It might be time to get the last pint in as beer prices look to be moving in only one direction upwards.
World production levels of barley one of the key ingredients in beer are set to fall to a four-year low this season, raising the prospect of price hikes and possible supply shortages. Then there is the effect of the UK government's latest tax moves.
Beer prices have already been rising faster than inflation and the latest VAT increase has put the price of a typical pub pint above £3 for the first time, with further tax hikes of over 5p on a pub pint expected in March.
UK beer consumption is among the highest in the world, and most of what's drunk in the UK is still actually produced here. For a typical mass-produced pint, the wholesale cost breakdown is about a third for taxes, a third for retail and distribution, 14% packaging, 7% ingredients, 5% advertising, 5% energy, 5% labour and 5% brewer profit.
For most beers, the production process is similar, with four main ingredients barley, hops, yeast and water.
Ominously, at 123.7 million tonnes, world barley production is set to fall to its lowest level for four years this season. EU barley production is expected to be 53.4 million tonnes, down 13% on last season's volumes. Yet barley consumption in the EU is forecast at 59.5 million tonnes. Global ending stocks, the amount of barley available worldwide at the end of the crop year, are therefore forecast to be down 43% on last season.
In a more typical year, the costs of ingredients, labour, production, packaging and energy do not tend to vary, but the commodities boom has seen the price of many key ingredients, packaging and energy rise above their long-term historic norms. Consequently, the price of beer production has moved significantly up in proportion to the price; in the case of ingredients, for example, they have risen from about 3-4% to 7%-10% of the wholesale price of a pint.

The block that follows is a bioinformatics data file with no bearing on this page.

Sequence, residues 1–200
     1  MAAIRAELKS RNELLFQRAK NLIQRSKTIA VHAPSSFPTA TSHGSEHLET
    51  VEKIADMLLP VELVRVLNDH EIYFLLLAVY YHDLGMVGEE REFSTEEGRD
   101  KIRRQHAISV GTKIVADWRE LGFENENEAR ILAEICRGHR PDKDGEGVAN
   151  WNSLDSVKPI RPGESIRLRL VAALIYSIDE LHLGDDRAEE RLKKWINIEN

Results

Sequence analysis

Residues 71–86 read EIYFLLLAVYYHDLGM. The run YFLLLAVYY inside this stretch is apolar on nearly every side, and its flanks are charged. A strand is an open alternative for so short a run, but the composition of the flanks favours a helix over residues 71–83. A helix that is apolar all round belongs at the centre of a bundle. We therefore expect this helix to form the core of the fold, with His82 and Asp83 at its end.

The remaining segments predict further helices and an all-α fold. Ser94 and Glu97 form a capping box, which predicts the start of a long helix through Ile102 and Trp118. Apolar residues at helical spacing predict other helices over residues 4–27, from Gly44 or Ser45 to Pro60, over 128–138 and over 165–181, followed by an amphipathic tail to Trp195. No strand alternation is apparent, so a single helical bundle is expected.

At 90% by volume, the main constituent of beer is water. A lot of it is also used in the production process, meaning it can make up a significant proportion of the direct production costs. Many breweries have their own water source, but due to rising energy costs and higher overheads, smaller micro-breweries in particular will notice a hike in the cost of their supply.
About a third of the cost is for retail and distribution, while other relevant costs are packaging (14%), advertising (5%), labour (5%) and energy (5%). With a budget of more than £50m for big breweries, advertising and marketing costs are important factors to consider. These often go through changes of emphasis, but there is usually a regular spend, associated with the cost of maintaining product awareness and market share. This is typically topped up by seasonal or promotional spending at key times.
The government is committed to introducing a minimum price for alcohol, and while this might punish sensible consumers and damage the industry at the lower end, commodity price rises might yet get there first and force prices up for all concerned.